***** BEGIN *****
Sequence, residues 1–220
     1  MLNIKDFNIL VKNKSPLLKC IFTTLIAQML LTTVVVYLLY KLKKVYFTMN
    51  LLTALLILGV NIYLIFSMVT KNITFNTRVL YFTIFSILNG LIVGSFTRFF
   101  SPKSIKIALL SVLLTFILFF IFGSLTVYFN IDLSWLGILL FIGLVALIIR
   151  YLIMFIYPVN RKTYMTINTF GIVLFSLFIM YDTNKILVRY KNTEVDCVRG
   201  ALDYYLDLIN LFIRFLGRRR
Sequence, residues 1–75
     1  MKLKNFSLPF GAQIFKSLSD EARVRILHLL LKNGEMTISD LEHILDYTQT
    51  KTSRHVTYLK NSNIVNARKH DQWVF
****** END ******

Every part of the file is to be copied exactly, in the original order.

Sequence, residues 1–220
     1  MLNIKDFNIL VKNKSPLLKC IFTTLIAQML LTTVVVYLLY KLKKVYFTMN
    51  LLTALLILGV NIYLIFSMVT KNITFNTRVL YFTIFSILNG LIVGSFTRFF
   101  SPKSIKIALL SVLLTFILFF IFGSLTVYFN IDLSWLGILL FIGLVALIIR
   151  YLIMFIYPVN RKTYMTINTF GIVLFSLFIM YDTNKILVRY KNTEVDCVRG
   201  ALDYYLDLIN LFIRFLGRRR
Sequence, residues 1–75
     1  MKLKNFSLPF GAQIFKSLSD EARVRILHLL LKNGEMTISD LEHILDYTQT
    51  KTSRHVTYLK NSNIVNARKH DQWVF